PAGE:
by Laura Robson, author of States of Separation: Transfer, Partition, and the Making of the Modern Middle East
For years now, pundits and politicians alike have been tossing around the idea of drawing new borders in the Middle East as a “solution” to conflict there—first in Iraq following its descent into sectarian violence after the American invasion in 2003, and then in Syria following its own spiral into civil war in 2011. This much-repeated idea was trotted out yet again just this month, when Thomas Friedman of the New York Times wrote a column advocating the partition of Syria and the construction of some kind of semi-autonomous Sunni area—protected by an international military presence—as the “least bad solution” for an impossibly difficult problem.
Such proposals for externally enforced ethnic or sectarian partition in the Middle East—presumably involving at least some element of population transfer, given the demographic realities of Syrian population centers—have a long history, and an impeccable imperialist genealogy.
When British and French colonial administrations took over, respectively, Palestine and Iraq and Syria and Lebanon in the early 1920s, they did so in the context of furious challenges to nineteenth-century European imperialism from all directions. Nationalists from India to Ireland to Egypt marched in the streets against colonial rule; on the diplomatic stage, both Woodrow Wilson and Vladimir Lenin, from their radically disparate political platforms, denounced old-style imperial adventuring (although, of course, neither the American nor the Bolshevik state was interested in relinquishing its own extraterritorial claims).
In the Middle East, the idea of restructuring states around nationality, ethnicity, and sect emerged as a useful way to recast British and French imperial occupation as a kind of internationalist modernization. To that end, the British and French colonial authorities emphasized to both their new subjects and an international public that they were merely “mandatory” authorities, working under the supervision of the new League of Nations to create functional modern nation-states out of the old Ottoman Arab provinces. In conjunction with the League, they came up with a variety of plans for demographic engineering —communally conscious borders, forcible and coerced refugee resettlement, mass population transfers, and support for a European Jewish settler community in Palestine—that were designed to simultaneously offer a rationale for the British and French colonial presence and help control people and territory on the ground.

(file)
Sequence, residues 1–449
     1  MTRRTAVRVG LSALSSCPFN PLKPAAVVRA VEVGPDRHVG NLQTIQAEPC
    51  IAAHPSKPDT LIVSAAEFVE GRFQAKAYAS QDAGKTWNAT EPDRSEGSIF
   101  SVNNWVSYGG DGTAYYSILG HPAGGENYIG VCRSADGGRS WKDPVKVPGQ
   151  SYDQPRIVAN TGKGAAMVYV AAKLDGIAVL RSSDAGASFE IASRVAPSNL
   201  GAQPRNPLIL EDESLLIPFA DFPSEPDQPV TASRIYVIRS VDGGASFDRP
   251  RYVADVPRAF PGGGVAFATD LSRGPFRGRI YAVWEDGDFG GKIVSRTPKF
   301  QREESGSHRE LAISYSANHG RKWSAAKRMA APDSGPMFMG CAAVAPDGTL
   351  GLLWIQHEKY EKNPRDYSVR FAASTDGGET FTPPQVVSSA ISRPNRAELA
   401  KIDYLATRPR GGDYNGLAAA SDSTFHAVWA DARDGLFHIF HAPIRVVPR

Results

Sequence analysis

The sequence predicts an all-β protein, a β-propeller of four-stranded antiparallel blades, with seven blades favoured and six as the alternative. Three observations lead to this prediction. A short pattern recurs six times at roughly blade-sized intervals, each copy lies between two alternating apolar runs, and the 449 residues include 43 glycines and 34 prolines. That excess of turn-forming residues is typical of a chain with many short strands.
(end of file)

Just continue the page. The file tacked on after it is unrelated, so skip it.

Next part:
Ethnic engineering of this kind was useful at the levels of both international diplomacy and practical imperial governance. Even the resistance such plans engendered was valuable to colonial authorities; it served to reinforce the local and international case that external forces were necessary to keep order in such volatile regions, thus extending the life of these colonial occupations and defending the high levels of violence required to maintain them.
The contemporary resurrection of this concept serves the same purposes. It offers a rationale for a long-term American and European military presence in the Middle East under the guise of “protecting”—that is, creating and enforcing—ethnically and communally homogenous nation-states. The appeal of this idea lies in the way it turns failure to success: the more chaos and bloodshed results from such policies, the stronger the case becomes for an ongoing—perhaps permanent—administrative and military presence, internationalist in name but acting primarily in the economic, political, and strategic interests of the occupying powers.
Laura Robson is Associate Professor of Modern Middle Eastern History at Portland State University. She is the author of Colonialism and Christianity in Mandate Palestine and editor of Minorities and the Modern Arab World: New Perspectives.